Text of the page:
Many investors take it as fact that small-cap stocks earn higher long-term returns than large-cap stocks, and that value stocks earn higher long-term returns than growth stocks. This belief originates with work by Fama and French on their 3-factor model of stock returns. The evidence that a small-cap premium exists is compelling, but not so for the value premium. Whether or not these premiums exist affects the choice of ETFs for an indexed portfolio.
John Bogle discusses growth vs. value stocks in the final third of an excellent speech in 2001. In it he observes that the Fama and French conclusions are based on stock market data from 1963 to 1990. It turns out that the size and even the existence of a value premium is period dependent.
Bogle extended the period of study to 1937-2000 and found the average annual compound returns to be 11.8% for growth stocks and 11.9% for value stocks, hardly a significant edge. You may ask what happened from 2001 to 2013. According to Standard and Poors, value stocks won by a little over half a percent per year. So, there was no statistically significant value premium in U.S. stocks from 1937 to 2013.
There certainly were periods where either value or growth stocks had a large advantage. However, unless an investor can predict whether a given future period will favour growth or value stocks, these swings are of no use.
Some might object that investors like Warren Buffett proved that value stocks are superior. This is a different situation altogether. Bogle, Fama, and French are comparing all value stocks to all growth stocks. But Buffett sought to own only those stocks he believed would outperform. Value investing through stock-picking is very different from an index strategy where the investor chooses to own all value stocks.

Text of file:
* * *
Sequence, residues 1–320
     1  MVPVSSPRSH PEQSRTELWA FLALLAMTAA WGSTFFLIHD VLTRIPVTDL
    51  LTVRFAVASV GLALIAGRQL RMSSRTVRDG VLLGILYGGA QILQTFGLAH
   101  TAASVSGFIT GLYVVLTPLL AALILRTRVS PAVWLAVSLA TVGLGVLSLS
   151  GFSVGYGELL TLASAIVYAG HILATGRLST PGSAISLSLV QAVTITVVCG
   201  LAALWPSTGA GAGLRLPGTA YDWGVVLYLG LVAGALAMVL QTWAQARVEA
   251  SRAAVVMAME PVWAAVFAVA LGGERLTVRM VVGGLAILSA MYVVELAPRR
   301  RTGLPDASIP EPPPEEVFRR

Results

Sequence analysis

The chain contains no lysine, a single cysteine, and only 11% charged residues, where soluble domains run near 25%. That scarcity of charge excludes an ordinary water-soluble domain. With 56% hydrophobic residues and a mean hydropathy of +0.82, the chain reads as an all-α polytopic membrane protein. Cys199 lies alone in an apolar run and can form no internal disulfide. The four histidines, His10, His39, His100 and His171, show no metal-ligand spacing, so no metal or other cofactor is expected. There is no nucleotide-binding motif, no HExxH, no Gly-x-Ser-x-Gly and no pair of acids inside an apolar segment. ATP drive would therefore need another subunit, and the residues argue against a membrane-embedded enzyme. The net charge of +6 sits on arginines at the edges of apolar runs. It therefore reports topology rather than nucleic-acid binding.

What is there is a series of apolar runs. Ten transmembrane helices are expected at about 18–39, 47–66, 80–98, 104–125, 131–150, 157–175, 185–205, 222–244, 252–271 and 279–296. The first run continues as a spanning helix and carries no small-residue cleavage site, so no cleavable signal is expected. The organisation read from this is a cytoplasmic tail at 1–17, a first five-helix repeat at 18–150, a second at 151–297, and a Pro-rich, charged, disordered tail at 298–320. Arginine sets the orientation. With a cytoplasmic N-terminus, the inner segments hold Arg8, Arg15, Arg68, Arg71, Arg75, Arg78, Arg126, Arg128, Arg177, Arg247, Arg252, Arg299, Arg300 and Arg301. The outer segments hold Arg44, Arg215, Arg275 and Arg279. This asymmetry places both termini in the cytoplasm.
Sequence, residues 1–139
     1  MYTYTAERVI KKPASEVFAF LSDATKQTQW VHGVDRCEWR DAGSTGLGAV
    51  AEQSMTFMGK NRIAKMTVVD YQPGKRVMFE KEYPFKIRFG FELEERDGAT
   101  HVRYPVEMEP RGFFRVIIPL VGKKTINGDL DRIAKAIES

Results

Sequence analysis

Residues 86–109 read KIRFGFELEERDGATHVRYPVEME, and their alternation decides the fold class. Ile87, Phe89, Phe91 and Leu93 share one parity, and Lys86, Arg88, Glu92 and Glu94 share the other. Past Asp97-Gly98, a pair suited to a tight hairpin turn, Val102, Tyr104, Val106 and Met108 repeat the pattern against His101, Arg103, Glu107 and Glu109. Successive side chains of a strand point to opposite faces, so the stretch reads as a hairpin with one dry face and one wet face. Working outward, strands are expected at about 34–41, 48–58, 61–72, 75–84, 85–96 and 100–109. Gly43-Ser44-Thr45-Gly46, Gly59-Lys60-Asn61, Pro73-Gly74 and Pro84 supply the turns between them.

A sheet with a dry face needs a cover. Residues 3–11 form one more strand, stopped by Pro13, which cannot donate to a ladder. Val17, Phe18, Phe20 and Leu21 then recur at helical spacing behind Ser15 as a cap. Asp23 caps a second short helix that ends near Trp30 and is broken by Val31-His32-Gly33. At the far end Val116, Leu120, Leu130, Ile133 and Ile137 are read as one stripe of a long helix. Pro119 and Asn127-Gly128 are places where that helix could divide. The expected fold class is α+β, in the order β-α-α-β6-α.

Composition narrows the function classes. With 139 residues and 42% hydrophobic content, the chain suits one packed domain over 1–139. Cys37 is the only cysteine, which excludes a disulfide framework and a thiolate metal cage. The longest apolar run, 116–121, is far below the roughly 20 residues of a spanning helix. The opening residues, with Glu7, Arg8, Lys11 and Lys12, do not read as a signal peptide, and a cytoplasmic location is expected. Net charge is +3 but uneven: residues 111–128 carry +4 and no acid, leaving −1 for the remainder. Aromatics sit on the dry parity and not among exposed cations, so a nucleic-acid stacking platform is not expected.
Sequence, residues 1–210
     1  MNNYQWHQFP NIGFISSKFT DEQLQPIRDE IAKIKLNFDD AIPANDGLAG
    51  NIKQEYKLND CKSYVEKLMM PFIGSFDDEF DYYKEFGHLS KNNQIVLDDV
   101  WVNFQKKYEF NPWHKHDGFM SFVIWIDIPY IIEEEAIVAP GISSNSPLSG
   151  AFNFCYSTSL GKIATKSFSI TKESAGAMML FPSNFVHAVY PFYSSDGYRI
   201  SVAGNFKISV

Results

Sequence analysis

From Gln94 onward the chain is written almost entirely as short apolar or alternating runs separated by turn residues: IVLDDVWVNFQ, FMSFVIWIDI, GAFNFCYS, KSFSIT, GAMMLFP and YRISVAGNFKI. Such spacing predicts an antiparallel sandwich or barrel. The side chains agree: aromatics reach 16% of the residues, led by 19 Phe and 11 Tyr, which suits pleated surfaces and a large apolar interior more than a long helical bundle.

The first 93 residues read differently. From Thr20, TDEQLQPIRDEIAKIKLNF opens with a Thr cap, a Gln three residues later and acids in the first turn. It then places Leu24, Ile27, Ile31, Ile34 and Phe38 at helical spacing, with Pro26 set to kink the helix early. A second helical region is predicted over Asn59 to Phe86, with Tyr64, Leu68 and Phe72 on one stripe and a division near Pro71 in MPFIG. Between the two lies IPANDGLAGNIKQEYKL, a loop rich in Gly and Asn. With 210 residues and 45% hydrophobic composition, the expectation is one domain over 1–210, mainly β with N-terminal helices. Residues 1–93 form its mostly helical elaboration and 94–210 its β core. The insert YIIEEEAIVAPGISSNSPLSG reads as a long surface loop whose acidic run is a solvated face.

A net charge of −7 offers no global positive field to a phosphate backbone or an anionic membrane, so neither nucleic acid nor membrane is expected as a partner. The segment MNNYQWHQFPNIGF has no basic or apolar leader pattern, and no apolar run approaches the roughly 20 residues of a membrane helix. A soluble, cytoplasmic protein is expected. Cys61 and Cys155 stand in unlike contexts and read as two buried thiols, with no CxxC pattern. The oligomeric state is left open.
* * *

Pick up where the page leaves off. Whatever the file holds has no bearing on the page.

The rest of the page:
Implications for index ETF portfolios
In my own portfolio, I’ve chosen not to tilt toward either value stocks or growth stocks. I do have a modest tilt to small-cap stocks over large-cap stocks. I prefer Vanguard Canada’s fund VCN over the iShares fund XIU because VCN contains some small-cap stocks.
In the U.S., I prefer Vanguard’s VTI, which represents the entire U.S. stock market, over funds that hold just the S&P 500. In addition, I own some of Vanguard’s VB fund, which holds U.S. small caps, to add an extra small-cap tilt.
As always, I don’t think anyone should follow my choices blindly; think for yourself. That said, hopefully this discussion of how I bet my own money carries more weight than some pundit’s “investing ideas.” Comments and constructive criticism are most welcome. There is too much at stake when investing to ignore useful ideas.